So, we all know that any Nintendo news is quite scant these days. It seems as if Nintendo has gone into it’s shell, only emerging every so often to announce that they are “working on things!” To that I say, hopefully they’ll package five golden tickets inside copies of Wario Ware: Shake Yo’ Ass (Watch Yo’ Self), and then I’ll be able to go see the magical insides of the Nintendo factory! I’ll be the fat German kid, please.
Anyway, as a way of satisfying my rampant desire for video gamery, I have looked to the past, to games that at one point I thought would be fun, but then I forgot about them. These were the beautiful days where we could just pass a game by, because Nintendo games flowed like delicious chocolate, oh god, a wonderful river of chocolate AUGUSTUS NO!
On my current trip down to the Southern-Most of the Hemispheres, I brought along a game that I had wanted to play for a long while, a sequel to one of my favorite overlooked Game Boy Games of yesteryear. I assume that since we’re all Nintendorks, you probably played it, but if you didn’t, do you remember Donkey Kong for the Game Boy?
If you don’t remember the lovely game, here is a synopsis. It was a 2D platformer, and started by just copying four of the boards from the original Donkey Kong arcade game. Mario runs up some girders and jumps over barrels and grabs hammers and destroys little bits of living flame. This is the part that many people might have been put off by. It’s not very interesting, since you’ve seen it a million times.
However, once these stages are beat, the game takes off with 97 extra stages, where Mario suddenly is placed in a level of girders and blocks, with a locked door as the only exit. The goal of these levels is to guide Mario to a key, which he then picks up and carries to unlock the door and leave the level. Along the way, he can pick up some random items (from his on-again, off-again girlfriend Pauline), like a totally fetching purse, a darling hat, and a gay-ass parasol.
That’s the game. Go get the key, and bring the key to the door. This also sounds kind of boring, but the fun came in the fact that the game was a puzzle-platformer. Each level was never straightforward, and you had to be quite clever sometimes to figure out how exactly to accomplish such a simple task. This was made more interesting with a variety of skills that Mario had allowing him to jump higher, swing on hanging electrical lines, or even throw the powerful hammer, move a little bit, and catch it again to kick Oil ass. The moves harken back to all of the various things that Mario has been asked to do over his long and storied career.
It is a fun game. If you can find it, pick it up. Play it. I did, years ago. It’s a great game for a long trip. Nintendo knows it was a fun game, because it decided to make a sequel years later for the Game Boy Advance: Mario Vs. Donkey Kong. This is the game I’ve been playing on my trip, and it is equally as fun, with some clever new twists, as well.
There are differences between the games. For one, the GBA game is in color, and features the worst psuedo-3D blurry sprite for Mario. It has swapped out Pauline in favor of these tiny robotic Mario toys, and so you collect presents instead of fashion accessories. But overall, the gameplay is the same. Get the key. Bring the key to the door. However, at the end of your collecting of the little miniature Marios, you have to guide them, Lemmings style, to a toy box, which you close and complete the set of levels. Boss battles with Donkey Kong are back as well, and overall, it’s more of the same. There are a few more moves that Mario can do, lending to some different, clever puzzles. The strength in the game is how the different moves (which are cleverly shown before each level to give you a clue as to how to go about finishing the task at hand) all work together near the end for tough puzzles. Oh, the music in the GBA version is not near as catchy as the music from the GB original. This is a big deal. Yes, I will say it. However, this version has all kinds of weird voice acting from Sir. Dr. Charles Martinet, Esq, and it’s kind of fun. There’s a sound byte where, between levels, you get the chance to win 1ups, and if you fail and pick Donkey Kong, he grunts in a hilarious way. It has honestly made me laugh each time I heard it.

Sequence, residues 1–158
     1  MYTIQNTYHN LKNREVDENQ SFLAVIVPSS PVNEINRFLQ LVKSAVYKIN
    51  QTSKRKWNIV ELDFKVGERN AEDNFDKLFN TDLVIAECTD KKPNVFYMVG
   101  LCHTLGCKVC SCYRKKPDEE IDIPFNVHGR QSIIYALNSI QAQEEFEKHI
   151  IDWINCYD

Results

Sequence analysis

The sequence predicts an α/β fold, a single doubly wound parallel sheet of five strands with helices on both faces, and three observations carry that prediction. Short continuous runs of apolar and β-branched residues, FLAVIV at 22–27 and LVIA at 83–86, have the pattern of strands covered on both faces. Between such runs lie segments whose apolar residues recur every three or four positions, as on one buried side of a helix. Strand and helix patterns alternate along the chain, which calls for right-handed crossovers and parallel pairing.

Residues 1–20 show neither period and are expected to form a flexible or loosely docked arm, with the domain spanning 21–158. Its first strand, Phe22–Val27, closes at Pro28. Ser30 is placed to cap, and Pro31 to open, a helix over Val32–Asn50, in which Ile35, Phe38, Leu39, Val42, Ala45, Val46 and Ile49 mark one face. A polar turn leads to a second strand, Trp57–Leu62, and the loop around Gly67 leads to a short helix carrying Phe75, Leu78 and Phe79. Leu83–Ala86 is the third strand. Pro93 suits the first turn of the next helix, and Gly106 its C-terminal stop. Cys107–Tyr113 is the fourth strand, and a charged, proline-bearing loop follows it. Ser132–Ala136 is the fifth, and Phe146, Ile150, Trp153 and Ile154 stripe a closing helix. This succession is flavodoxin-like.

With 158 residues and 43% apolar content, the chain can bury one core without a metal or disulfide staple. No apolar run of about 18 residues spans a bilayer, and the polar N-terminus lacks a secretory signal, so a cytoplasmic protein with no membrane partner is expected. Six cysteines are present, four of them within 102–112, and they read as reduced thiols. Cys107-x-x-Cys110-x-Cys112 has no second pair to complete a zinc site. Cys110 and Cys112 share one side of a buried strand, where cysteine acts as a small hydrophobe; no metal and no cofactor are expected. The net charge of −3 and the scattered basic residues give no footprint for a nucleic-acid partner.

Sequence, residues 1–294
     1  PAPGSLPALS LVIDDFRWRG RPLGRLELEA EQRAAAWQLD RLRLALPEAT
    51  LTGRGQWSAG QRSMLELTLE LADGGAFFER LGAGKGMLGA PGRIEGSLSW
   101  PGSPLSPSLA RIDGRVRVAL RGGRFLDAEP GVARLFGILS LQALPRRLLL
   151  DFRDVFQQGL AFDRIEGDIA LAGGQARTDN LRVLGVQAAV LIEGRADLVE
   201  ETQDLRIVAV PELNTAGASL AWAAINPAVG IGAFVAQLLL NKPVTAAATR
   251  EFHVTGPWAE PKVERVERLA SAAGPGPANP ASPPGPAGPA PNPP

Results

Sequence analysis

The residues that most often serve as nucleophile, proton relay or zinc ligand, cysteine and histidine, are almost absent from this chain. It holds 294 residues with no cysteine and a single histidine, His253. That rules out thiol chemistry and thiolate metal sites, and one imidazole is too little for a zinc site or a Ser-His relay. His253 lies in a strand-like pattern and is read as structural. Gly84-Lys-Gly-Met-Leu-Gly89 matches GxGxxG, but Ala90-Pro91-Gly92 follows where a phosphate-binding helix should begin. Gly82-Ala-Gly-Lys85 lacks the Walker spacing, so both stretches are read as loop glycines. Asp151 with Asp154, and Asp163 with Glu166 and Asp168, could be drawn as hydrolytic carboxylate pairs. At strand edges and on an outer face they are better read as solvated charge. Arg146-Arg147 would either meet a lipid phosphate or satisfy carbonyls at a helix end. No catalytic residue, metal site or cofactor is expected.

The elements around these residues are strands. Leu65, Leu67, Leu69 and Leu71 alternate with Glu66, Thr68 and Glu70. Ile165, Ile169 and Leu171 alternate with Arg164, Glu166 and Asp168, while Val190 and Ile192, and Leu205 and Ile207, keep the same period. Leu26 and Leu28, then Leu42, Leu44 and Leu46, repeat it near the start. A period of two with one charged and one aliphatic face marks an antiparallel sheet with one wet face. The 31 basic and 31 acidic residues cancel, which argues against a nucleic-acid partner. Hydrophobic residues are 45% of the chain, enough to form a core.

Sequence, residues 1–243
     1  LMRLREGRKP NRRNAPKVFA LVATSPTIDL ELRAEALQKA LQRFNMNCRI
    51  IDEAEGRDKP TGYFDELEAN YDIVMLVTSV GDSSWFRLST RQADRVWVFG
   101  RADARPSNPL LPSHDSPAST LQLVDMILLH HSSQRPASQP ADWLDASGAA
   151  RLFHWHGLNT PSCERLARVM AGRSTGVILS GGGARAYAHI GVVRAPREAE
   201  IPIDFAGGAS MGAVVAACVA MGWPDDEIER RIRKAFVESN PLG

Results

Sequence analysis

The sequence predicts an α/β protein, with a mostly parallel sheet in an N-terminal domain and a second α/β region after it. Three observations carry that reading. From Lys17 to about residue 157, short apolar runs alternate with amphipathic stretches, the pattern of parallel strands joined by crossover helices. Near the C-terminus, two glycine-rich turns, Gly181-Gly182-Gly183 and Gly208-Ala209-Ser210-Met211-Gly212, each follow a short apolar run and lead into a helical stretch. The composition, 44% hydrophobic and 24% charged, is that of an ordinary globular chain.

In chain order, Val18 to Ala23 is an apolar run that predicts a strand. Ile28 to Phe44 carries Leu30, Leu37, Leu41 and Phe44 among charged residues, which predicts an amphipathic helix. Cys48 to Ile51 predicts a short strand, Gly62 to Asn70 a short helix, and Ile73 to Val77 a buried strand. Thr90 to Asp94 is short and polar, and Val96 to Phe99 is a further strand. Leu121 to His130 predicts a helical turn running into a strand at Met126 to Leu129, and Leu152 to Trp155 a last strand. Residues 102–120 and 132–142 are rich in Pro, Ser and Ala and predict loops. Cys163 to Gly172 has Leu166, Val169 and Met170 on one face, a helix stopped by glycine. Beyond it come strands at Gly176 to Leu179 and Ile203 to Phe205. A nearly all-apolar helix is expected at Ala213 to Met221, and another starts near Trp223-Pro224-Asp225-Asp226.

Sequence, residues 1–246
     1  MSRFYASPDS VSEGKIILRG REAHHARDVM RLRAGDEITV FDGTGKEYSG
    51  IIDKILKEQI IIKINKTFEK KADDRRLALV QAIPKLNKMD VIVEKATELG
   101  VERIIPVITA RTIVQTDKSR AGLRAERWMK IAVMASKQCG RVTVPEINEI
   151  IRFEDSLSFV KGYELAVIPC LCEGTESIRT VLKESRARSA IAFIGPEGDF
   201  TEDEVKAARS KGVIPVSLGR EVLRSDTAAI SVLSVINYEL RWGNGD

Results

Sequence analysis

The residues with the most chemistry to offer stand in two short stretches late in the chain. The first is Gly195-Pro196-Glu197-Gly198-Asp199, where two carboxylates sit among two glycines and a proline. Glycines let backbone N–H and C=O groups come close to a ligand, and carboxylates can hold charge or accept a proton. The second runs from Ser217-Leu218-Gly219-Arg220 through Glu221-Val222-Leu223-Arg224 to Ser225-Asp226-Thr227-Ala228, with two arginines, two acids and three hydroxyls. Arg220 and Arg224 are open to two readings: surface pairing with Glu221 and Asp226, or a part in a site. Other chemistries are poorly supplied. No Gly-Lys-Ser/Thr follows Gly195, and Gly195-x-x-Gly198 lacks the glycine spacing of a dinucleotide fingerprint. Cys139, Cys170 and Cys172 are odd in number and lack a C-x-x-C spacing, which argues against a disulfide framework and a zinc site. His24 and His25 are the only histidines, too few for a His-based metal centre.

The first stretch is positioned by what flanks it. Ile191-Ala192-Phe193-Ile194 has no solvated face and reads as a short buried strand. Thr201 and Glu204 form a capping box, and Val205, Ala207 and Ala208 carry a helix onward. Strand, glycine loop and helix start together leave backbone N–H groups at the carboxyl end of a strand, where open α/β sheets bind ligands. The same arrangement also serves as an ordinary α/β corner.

Ok, so, basically, what I am saying is that both games are fantastic. I think the first of the two is better than the second, but each game is a perfect realization of the handheld aesthetic. These are games meant for short bursts of play. They are Mario platformers, but beyond the rote jump-on-goombas style games we’ve been treated to over the years. No, there is more to this, and successful completion of a level can be an absolute joy.
These aren’t reviews per se, more like High Recommendations From Kevin. If you like things, and want to play a game, this is something that you may have overlooked. There’s even a DS sequel that I haven’t played yet, called Mario Vs. Donkey Kong: March of the Minis. Is that any good? Send me your thoughts about the game if you’ve played it, or any of these games, at email@example.com. Seriously! I hope I’m not the only person who enjoyed these games. In a future column where I extol the virtues of a game you might have overlooked, I’ll discuss some of your replies! That’ll be fun. Right? Can anyone read anymore? Is that a thing that kids do?